“Mr. McClain was the person who was dispatched to tell members things that (Madigan) didn’t wanna tell them,” Lang said.
The obstruction of justice charge alleges Mapes gave false testimony about more than a dozen topics, including whether he knew McClain communicated with Lang in 2018, with some of those communications at Madigan’s direction.
“I have no knowledge or recall of that,” Mapes told the grand jury when prosecutors asked if he knew whether McClain was in contact with Lang.
Prosecutors cited Mapes’ answers to seven questions during his grand jury testimony as the basis for the single count of perjury. That included his answer to a question about whether he knew McClain “acted in any capacity as a messenger for (Madigan)” from 2017 onward.
Mapes answered that he was “not aware of any” such circumstances.
The defense on Tuesday also called a former Democratic Party of Illinois employee to testify. Emily Wurth served as the state party’s operations manager and later the chief financial officer after Mapes’ departure. She testified that she did not believe a fundraising program Mapes and McClain had started for politically vulnerable Democratic candidates was an assignment from Madigan.
“I had always understood it to be something that Tim and Mr. McClain did in support of the speaker, but not for the speaker,” she said.
After Mapes’ ouster from Madigan’s orbit in early June 2018, Wurth said she was worried about his mental health “because mine wasn’t good.”
Another person who was very worried during that time: Mapes’ wife, Bronwyn Rains. Rains testified on Tuesday about the severe depression she watched her husband fall into after he was “ejected” from his job, as she put it.
“He was in a dark place,” Rains said. “I was working during the day, so when I would come home, he was still in the same position, more or less, in the darkened basement than where I left him in the morning. That speaks volumes, both as a wife and as a practitioner.”
Rains is both a clinical psychologist and professor in Springfield, but the judge told the jury to disregard her reference to her career, as she was not on the stand as an expert witness.
Eventually, Mapes established his own consulting firm, though he only ever got one contract, Rains testified. So she urged him “to do something that was completely out of his wheelhouse,” she said.
Mapes got a part-time job at UPS filling the gas tanks on trucks at night so they’d be ready to go for the next day, and then a job as a driver transporting workers to and from barges on Illinois waterways.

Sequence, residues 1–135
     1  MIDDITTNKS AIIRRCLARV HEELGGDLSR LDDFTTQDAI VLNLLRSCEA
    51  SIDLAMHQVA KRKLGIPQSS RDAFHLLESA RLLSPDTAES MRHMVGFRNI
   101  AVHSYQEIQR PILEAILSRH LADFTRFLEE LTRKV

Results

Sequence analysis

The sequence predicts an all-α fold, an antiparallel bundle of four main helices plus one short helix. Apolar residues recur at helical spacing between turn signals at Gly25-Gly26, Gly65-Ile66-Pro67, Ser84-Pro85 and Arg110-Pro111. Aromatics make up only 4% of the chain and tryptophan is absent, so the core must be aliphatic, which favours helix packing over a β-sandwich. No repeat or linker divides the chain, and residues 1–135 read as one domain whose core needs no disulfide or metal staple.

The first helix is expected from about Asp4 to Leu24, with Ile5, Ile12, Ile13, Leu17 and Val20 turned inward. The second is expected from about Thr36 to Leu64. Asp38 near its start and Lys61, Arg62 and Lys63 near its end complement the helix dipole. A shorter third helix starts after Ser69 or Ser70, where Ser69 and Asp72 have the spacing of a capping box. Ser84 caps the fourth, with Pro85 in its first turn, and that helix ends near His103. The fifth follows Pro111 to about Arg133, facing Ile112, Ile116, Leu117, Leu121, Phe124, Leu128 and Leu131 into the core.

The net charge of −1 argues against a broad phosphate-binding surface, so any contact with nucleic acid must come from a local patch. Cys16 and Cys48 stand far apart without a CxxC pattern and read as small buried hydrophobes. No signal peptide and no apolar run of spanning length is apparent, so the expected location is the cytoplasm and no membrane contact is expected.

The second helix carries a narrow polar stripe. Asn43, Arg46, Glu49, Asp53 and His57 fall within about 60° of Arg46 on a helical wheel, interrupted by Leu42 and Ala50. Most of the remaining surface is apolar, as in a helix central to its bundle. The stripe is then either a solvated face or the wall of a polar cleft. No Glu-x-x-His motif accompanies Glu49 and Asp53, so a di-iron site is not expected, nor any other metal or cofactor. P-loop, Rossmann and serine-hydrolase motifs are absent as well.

Rains also testified that the Mapes family was not as close to the McClain family as the prosecution had portrayed them to be. Later, however, the defense played a wiretapped call in which McClain told Wurth that the Mapes family visited the McClains in Quincy “at least once every summer.”
The defense also produced a chart summarizing the most frequent callers to and from McClain’s wiretapped cell phone in 2018 and 2019. Defense attorneys sought to show that the 60 calls – which included a few voicemails – between McClain and Mapes paled in comparison with the number of times McClain spoke to others on the phone.
Former state Rep. David McSweeney, R-Barrington Hills, was the most frequently listed contact on McClain’s list with 622 calls between the two men, although the vast majority of them weren’t actually answered. Number one in completed and recorded calls with McClain was John Bradley, a former Democratic House member-turned-lobbyist. Madigan also made the top 10, though his son Andrew ranked higher in the number of calls both made and recorded by the FBI on McClain’s wiretapped phone.
The trial continued at 9 a.m. Wednesday (today), when the jury will get their instructions and sit through several hours of closing arguments before being sent off to deliberate.
Capitol News Illinois is a nonprofit, nonpartisan news service covering state government. It is distributed to hundreds of print and broadcast outlets statewide. It is funded primarily by the Illinois Press Foundation and the Robert R. McCormick Foundation, along with major contributions from the Illinois Broadcasters Foundation and Southern Illinois Editorial Association.